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Phonics lessons during school closure

Year 1 phonics week 4 (25.1.21-29.1.21)

Year 2 phonics Week 4

Year 1 phonics week 5 (1-5.2.21)

Year 1 phonics week 3 (18.1.21- 22.1.21)

Year 2 Phonics week 3 (18.1.21-22.1.21)

Year 1 phonics week 2 (11.1.21-15.1.21)

Phonics Jargon Buster:


Phoneme: The smallest unit of sound in a word eg cat c-a-t has 3 phonemes and so  does ship sh-i-p


Grapheme: A letter or group of letter representing one sound eg a, ch, igh


Blend: This is often known as 'sounding out' and it is when you put sounds together to read a word.


Segment: To split up a word into its individual phonemes in order to spell it.


Digraph: Two letters making one sound eg sh, ch, th


Vowel Digraph: Two vowels that make one sounds e.g ou, ai, oa


Trigraph: Three letters making one sound eg igh, ure, ear


Spit digraph: Two letters, split, making one sound eg a-e as in make


CVC word:  a word with a consonant sound followed by a vowel sound and then a final consonant sounds

Sounds of the English Phonic Code -Synthetic Phonics.wmv

Tami Reis-Frankfort, reading specialist and trainer, demonstrates how to pronounce the sounds of the English Phonic Code, when teaching children to read with...

What is phonics and how is it taught?

Here at HCCPS we teach daily phonics lessons in EYFS, KS1 and to some pupils in KS2. At our school we follow one systematic synthetic phonics programme to ensure there is consistent coverage across all year groups to allow children to make good progress in reading and spelling. Phonics is a way of teaching children how to read and write. It helps children hear, identify and use different sounds that distinguish one word from another in the English language. Teaching children to blend the sounds of letters together helps them decode unfamiliar or unknown words by sounding them out. For example, when a child is taught the sounds for the letters tpa and s, they can start to build up the words: “tap”, “taps”, “pat”, “pats” and “sat”. Written language can be compared to a code, so knowing the sounds of individual letters and how those letters sound when they’re combined will help children decode words as they read. Understanding phonics will not only allow children to read but will also help them know which letters to use when they are writing words. Phonics involves matching the sounds of spoken English with individual letters or groups of letters. For example, the sound k can be spelled as c, k, ck or ch. Once children have completed our phonics programme they move onto daily spelling lessons following the No Nonsense Spelling programme. This starts in year 2 and continues into year 6.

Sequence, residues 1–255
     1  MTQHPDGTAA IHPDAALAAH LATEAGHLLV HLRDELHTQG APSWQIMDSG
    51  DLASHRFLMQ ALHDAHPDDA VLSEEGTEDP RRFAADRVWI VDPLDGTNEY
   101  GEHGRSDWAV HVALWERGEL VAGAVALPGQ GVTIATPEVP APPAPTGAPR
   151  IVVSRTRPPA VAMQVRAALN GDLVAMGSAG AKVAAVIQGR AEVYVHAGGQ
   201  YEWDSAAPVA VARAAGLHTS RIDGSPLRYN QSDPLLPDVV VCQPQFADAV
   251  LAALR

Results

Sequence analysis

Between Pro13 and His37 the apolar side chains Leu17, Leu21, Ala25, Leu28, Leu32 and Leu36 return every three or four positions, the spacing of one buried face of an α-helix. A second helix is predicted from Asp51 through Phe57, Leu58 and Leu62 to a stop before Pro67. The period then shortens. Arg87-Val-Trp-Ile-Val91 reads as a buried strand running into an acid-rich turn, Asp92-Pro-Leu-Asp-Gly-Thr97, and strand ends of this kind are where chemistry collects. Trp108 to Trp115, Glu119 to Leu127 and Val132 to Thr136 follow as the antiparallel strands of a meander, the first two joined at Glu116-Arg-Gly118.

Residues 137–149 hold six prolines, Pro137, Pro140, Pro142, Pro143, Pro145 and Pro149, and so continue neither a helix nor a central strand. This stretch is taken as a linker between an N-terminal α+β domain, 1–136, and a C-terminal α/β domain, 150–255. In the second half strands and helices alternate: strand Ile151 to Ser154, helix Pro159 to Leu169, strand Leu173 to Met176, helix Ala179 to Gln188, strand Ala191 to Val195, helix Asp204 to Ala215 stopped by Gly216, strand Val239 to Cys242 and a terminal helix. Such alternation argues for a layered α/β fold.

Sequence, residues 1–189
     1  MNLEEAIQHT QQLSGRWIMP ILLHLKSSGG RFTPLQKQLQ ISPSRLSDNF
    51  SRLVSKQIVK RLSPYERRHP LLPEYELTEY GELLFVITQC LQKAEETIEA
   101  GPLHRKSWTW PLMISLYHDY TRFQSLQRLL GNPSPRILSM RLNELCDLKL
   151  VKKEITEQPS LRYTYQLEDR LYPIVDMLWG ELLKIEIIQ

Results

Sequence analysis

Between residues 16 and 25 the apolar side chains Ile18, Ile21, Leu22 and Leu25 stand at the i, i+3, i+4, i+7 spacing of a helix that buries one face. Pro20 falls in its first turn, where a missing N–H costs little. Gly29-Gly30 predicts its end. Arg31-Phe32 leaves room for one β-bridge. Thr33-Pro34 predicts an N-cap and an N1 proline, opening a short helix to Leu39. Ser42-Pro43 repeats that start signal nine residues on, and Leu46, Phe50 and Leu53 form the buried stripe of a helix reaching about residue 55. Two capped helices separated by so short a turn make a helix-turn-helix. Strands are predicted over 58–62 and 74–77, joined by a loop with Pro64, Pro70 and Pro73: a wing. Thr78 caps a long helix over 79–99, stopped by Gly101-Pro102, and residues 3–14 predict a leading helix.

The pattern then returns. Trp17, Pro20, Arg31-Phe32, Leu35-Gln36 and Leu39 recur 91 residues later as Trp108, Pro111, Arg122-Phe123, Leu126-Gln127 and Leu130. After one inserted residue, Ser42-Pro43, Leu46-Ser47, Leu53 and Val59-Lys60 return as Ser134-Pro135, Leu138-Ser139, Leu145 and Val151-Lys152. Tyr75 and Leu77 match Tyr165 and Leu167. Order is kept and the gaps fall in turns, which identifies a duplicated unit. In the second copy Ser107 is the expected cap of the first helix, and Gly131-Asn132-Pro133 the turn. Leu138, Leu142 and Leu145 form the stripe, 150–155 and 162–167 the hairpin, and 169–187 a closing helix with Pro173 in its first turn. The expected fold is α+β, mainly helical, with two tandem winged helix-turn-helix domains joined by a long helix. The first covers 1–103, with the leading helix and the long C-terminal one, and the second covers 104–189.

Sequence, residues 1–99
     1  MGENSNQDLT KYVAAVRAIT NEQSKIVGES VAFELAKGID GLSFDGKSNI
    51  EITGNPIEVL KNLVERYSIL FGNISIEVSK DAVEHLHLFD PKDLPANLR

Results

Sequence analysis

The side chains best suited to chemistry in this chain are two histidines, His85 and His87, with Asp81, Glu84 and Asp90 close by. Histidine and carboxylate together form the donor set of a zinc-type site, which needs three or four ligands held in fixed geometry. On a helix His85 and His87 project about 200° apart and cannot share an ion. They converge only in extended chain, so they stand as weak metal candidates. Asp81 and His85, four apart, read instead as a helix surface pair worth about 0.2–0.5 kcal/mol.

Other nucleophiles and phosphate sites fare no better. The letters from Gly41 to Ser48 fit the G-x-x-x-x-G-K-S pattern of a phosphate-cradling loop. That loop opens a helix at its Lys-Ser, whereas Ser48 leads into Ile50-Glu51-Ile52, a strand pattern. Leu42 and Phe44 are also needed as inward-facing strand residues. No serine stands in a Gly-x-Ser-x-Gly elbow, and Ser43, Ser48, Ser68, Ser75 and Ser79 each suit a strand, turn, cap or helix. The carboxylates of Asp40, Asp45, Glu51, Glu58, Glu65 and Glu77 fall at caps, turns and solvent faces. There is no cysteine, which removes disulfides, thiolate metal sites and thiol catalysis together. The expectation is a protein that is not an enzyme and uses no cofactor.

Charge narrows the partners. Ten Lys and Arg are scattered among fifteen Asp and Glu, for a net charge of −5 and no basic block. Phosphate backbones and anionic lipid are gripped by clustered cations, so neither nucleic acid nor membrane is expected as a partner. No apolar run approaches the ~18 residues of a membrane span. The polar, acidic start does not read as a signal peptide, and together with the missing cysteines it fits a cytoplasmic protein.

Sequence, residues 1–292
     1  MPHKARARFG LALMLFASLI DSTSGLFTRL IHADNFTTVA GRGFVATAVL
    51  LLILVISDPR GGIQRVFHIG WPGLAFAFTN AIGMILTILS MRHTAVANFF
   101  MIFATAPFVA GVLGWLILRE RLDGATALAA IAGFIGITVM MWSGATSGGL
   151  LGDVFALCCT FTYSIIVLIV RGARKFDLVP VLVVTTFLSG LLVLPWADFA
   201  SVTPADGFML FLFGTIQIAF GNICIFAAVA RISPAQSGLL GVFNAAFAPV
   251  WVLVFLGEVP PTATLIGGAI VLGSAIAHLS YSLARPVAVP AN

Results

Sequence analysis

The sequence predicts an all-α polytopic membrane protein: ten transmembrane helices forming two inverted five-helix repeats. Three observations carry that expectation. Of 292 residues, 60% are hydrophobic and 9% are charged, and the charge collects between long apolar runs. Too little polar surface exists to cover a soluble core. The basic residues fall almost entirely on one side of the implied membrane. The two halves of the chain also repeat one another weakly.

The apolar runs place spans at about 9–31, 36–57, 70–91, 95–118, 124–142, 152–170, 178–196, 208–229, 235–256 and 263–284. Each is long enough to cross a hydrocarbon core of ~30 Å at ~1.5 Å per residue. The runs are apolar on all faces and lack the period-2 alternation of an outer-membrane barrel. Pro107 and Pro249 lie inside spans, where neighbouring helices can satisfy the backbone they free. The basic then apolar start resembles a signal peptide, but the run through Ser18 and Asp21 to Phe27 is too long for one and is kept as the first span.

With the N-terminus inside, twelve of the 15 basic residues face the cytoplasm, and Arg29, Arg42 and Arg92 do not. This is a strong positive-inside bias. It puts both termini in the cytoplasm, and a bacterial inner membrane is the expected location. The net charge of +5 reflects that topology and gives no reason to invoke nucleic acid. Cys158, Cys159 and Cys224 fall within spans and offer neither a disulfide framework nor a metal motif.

You can find lots more information, useful videos and websites about phonics on the English page of our school website.


Phonics at activities at home.

If your child is learning from home, we recommend they do 20 minutes of phonics activities per day. This can involve playing games and doing activities on the phonicsplay website, watching videos of Geraldine Giraffe on youtube then trying to find more words around your house with the same sounds, watching alphablocks and sounding out and writing some of the words from the videos. If your child is in year 1, they should start by playing the phase 2 phonics play games and then moving on to phase 3 games when they have mastered the phase 2 ones. If you child is in year 2, they should start by playing the phase 3 games and then moving on to phase 4 and 5.  Both year groups can also practise some spelling in their blue spelling home learning books using the word lists in them. Do look at the English page on the school website for more phonics videos and websites.

Username: Hardwick_cambourne

Password: phonics


Another fun way to learn new sounds is with Geraldine the Giraffe- see link below:


Another great way to help your children learn phonics is via Alphablocks, the link below gives parents a quick guide to help at home.